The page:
Exempt Securities and Transaction Information for the Series 7 Exam - dummies

Exempt Securities and Transaction Information for the Series 7 Exam

By Steven M. Rice

As the Series 7 exam will expect you to know, certain securities are exempt from registration because of either the type of security or the type of transaction involved. You may find that securities that are exempt because of who’s issuing them are a bit easier to recognize. You’ll probably have to spend more time on the securities that are exempt from registration because of the type of transaction.

Exempt securities

Certain securities are exempt from the registration requirements under the Securities Act of 1933. Either these securities come from issuers that have a high level of creditworthiness, or another government regulatory agency has some sort of jurisdiction over the issuer of the securities. These types of securities include

  • Securities issued by the U.S. government or federal agencies

  • Municipal bonds (local government bonds)

  • Securities issued by banks, savings institutions, and credit unions

  • Public utility stocks or bonds

  • Securities issued by religious, educational, or nonprofit organizations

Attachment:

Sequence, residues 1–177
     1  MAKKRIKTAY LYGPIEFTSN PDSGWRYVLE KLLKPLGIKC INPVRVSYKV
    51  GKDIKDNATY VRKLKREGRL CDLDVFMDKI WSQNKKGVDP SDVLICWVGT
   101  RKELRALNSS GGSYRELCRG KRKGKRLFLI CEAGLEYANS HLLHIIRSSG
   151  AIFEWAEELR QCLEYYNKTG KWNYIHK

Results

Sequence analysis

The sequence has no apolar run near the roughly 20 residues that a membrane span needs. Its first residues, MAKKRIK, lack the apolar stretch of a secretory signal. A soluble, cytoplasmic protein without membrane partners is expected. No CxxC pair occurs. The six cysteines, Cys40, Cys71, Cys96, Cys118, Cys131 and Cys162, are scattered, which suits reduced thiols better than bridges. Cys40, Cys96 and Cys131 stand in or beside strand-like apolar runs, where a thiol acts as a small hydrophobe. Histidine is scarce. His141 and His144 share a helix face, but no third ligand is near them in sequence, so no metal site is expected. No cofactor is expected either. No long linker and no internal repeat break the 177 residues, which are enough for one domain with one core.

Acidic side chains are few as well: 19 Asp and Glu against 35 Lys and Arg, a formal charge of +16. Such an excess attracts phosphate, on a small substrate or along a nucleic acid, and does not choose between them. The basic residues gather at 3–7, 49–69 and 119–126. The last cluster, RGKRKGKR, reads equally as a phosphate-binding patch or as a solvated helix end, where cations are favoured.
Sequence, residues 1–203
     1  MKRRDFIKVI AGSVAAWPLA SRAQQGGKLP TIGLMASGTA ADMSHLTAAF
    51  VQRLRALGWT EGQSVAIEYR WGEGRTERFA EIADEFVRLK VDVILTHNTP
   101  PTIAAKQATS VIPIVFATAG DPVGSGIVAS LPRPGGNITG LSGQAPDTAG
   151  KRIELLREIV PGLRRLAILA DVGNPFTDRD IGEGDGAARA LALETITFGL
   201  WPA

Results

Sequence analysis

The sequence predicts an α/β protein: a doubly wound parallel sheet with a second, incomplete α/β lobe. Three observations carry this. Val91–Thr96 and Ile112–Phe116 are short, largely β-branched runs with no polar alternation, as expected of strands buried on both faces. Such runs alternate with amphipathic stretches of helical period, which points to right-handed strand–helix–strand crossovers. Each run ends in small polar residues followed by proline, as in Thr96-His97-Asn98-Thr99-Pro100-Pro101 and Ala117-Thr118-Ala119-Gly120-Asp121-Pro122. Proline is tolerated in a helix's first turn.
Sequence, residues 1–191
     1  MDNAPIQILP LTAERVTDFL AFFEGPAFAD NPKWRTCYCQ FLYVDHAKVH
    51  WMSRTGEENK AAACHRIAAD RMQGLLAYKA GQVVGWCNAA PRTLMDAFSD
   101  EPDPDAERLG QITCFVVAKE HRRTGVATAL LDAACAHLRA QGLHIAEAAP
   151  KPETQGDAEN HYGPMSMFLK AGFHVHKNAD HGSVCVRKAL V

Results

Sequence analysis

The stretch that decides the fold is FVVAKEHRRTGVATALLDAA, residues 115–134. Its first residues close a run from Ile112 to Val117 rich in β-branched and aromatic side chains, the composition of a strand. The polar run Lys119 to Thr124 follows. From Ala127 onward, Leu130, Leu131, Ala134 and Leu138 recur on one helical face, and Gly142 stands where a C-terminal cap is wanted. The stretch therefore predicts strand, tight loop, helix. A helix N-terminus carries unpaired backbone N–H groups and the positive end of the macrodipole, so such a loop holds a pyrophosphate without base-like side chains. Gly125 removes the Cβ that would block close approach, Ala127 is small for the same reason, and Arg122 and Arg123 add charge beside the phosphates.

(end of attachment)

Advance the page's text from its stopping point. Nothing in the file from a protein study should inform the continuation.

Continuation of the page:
• Notes, bills of exchange, bankers’ acceptances, and commercial paper with an initial maturity of 270 days or less

  • Insurance policies and fixed annuities

Fixed annuities are exempt from SEC registration because the issuing insurance company guarantees the payout. However, variable annuities require registration because the payout varies depending on the performance of the securities held in the separate account.

Exempt transactions

Some securities that corporations offer may be exempt from the full registration requirements of the Securities Act of 1933 due to the nature of the sale. The following list shows you these exemptions:

  • Intrastate offerings (Section 3[a][11] and Rule 147): An intrastate offering is an offering of securities within one state. For such an offering to be exempt from SEC registration, the company must be incorporated in the state in which it’s selling securities, 80 percent of its business has to be within the state, and it may sell securities only to residents. The securities still require registration at the state level.

    Don’t confuse intrastate offerings (securities sold in one state) with interstate offerings (securities sold in many states). Interstate offerings do need SEC registration. To help you remember, think of an interstate roadway, which continues from one state to the next.

  • Regulation A (Reg A) offerings: An offering of securities worth $5 million or less within a 12-month period is Regulation A. Although this company may seem large to you, it’s relatively small in market terms. Regulation A offerings are exempt from the full registration requirements but the issuer still has to file a simplified registration or abbreviated registration statement.